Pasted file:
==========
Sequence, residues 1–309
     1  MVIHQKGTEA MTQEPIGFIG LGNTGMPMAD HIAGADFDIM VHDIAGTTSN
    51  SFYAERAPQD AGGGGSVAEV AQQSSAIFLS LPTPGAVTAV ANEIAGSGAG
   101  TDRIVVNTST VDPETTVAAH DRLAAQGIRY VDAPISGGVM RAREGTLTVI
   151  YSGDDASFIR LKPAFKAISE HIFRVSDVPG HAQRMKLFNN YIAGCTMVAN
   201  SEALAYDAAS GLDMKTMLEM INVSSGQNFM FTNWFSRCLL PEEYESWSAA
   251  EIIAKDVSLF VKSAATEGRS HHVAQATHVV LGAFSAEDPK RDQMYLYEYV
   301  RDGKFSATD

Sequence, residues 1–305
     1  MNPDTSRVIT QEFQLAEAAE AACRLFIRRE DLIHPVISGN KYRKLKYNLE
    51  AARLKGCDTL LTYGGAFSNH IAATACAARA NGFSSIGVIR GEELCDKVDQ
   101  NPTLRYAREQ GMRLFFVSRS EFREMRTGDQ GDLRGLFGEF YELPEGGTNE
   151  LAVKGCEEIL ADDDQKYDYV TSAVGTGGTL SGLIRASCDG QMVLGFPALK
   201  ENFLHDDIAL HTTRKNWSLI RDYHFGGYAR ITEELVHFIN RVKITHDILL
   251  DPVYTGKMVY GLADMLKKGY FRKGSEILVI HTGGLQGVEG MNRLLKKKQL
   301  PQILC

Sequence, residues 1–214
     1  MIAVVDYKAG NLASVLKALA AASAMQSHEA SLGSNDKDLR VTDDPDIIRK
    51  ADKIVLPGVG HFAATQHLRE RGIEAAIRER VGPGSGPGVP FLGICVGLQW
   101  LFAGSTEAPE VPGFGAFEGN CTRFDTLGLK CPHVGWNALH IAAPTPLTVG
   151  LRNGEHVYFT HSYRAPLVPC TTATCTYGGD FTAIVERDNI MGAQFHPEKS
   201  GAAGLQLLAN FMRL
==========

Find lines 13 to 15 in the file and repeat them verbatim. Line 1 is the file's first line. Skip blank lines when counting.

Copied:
   151  LAVKGCEEIL ADDDQKYDYV TSAVGTGGTL SGLIRASCDG QMVLGFPALK
   201  ENFLHDDIAL HTTRKNWSLI RDYHFGGYAR ITEELVHFIN RVKITHDILL
   251  DPVYTGKMVY GLADMLKKGY FRKGSEILVI HTGGLQGVEG MNRLLKKKQL